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13 Jun 2018

Growth Slowdown: The impact of external risks

As is described in detail in the half-yearly update to Trade Trend Estimates — Latin America and the Caribbean, the region’s exports grew at a year-on-year rate of 10.6 percent in the first quarter of 2018. This represents a downturn in comparison with the average growth of 11.9 percent of 2017, which marked the end of four continuous years of contraction.

Growth in Latin American exports not only became less intense but was also weaker than that of global trade, which is estimated to have grown 16 percent year-on-year in the first few months of the year. In addition, the slowdown in external sales from Latin America and the Caribbean contrasts with the dynamics of global trade flows, which accelerated significantly at the start of 2018 in comparison with the previous year.

(Year-on-year growth rate, three-month moving average, percentage, 2016–2018)

Growth Rate
The region’s trade performance is largely a response to the behavior of the prices of the commodities that make up its export basket. Prices recovered during 2017 and in early 2018, but this process has lost momentum and has even reversed in some cases. The exceptions were the petroleum and copper markets, which experienced an upward trend that was underpinned by specific factors.

(Index 2010=100, 2016–2018)

“After the long trade contraction that the region has experienced in recent years, it comes as good news that attempts are still being made to expand export volumes.”

Within this context of shifting prices, exports volumes are continuing to grow at a year-on-year rate of around 4 percent, which is on par with 2017, driven mainly by sales from Brazil and Mexico. However, the aggregate trends for real flows conceal the presence of some risk factors. The most noteworthy of these include the fact that growth is concentrated in just a handful of economies, the significance of certain exceptional transactions and the downturn in growth in some of the region’s largest countries.

Growth in Latin America’s export volumes remains below the global average, meaning that the region is relatively isolated from the more dynamic poles of global trade for the moment.

(Indexes, 12-month moving average, January 2016=100, 2016–2018)

In terms of destination markets, demand from the United States, the region’s main trade partner, slowed somewhat between 2017 and the start of 2018. Even so, the US economy accounts for almost one-third of the total growth in exports from Latin America and the Caribbean. China, which was the most dynamic destination market for external sales in 2017, halved the growth rate of its imports from the region in the early months of 2018. In contrast, growth in exports to the European Union accelerated, as did those to within the region, although to a lesser degree.

South America, which saw its exports grow by an average 14.9 percent in 2017, increased sales by 10.4 percent year-on-year in the first quarter of 2018. This significant tempering of growth has come at a time when exports are still 25 percent below the historical high of 2011.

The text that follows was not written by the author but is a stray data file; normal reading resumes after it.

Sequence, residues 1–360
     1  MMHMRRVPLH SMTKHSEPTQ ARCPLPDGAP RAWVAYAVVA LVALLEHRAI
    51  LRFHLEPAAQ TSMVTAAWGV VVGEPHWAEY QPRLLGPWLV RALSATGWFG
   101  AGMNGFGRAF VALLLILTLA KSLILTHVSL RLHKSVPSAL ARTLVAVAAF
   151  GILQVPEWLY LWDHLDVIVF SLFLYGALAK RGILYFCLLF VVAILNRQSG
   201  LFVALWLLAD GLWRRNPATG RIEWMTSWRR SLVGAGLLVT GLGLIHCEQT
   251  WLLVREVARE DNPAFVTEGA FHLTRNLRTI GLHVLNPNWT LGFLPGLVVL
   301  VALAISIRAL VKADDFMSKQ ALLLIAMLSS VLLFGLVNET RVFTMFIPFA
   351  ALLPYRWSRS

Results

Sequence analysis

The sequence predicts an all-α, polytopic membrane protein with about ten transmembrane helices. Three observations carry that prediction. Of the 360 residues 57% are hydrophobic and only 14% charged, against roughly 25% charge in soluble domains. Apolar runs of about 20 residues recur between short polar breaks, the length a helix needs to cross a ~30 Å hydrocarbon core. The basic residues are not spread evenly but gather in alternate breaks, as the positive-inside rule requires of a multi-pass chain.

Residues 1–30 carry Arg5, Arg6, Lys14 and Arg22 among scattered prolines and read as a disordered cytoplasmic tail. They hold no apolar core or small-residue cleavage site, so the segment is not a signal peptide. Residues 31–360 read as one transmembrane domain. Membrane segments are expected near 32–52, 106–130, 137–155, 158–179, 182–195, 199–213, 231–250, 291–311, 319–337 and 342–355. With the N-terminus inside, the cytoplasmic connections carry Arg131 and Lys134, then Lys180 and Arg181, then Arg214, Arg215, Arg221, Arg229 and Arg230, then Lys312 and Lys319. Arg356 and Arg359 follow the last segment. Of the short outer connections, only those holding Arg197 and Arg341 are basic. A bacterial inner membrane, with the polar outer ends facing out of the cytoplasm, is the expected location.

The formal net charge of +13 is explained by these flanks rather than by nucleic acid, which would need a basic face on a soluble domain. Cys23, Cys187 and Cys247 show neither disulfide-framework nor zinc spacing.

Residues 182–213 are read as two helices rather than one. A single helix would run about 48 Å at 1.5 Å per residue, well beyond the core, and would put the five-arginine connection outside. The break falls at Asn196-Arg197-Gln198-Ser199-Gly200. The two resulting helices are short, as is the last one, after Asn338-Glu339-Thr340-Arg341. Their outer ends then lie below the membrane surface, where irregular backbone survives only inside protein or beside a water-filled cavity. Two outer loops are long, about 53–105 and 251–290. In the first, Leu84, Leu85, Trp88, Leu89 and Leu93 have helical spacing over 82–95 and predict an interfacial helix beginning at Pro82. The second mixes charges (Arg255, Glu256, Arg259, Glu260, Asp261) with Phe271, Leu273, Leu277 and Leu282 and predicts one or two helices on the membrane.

In Mesoamerica, exports grew by 10.8 percent year-on-year in the first quarter of 2018 due to an 11.5 percent increase in exports from Mexico and a 4.8 percent increase in those from Central America. These changes reflect an improvement in Mexico’s external sales in comparison with the 2017 average (9.5 percent) and a slowdown in Central America’s (5.8 percent). All the same, exports from the sub-region as a whole are at one of their historical highs.

The Caribbean saw an estimated increase of 5.3 percent in exports in 2017. The behavior of external sales from the Caribbean was more volatile than that of other subregions, combining year-on-year rates that were far above the average for the first part of 2017 with contractions in the second half of the year. Although no data is available yet for 2018, the pattern of volatility observed in recent quarters is likely to continue.

“The region needs to promote diversification and deeper regional integration to safeguard itself against the volatility of commodity markets.”

In conclusion, although exports from Latin America and the Caribbean continue to grow, the downturn in much of the region is taking place against a backdrop of increasing external risks. The intensification of some sources of instability that were already present in the global context may thus contribute to worsening the region’s export performance in the coming quarters.

On the one hand, the weakening of exports from South America has gone together with downward pressure on the prices of various commodities, which had not yet returned to the levels they were at before the collapse of 2014. On the other hand, improvements to the performance of external sales from Mesoamerica is mainly explained by variations in exports from Mexico to the United States in a context of uncertainty regarding the potential impact that changes to US trade policy may have.

Finally, the increase in demand from the European Union shows signs of fragility due to a shakier outlook for economic growth. Likewise, growth in intraregional trade flows is contingent on the region staying on a path of economic expansion in a year with a packed electoral calendar.

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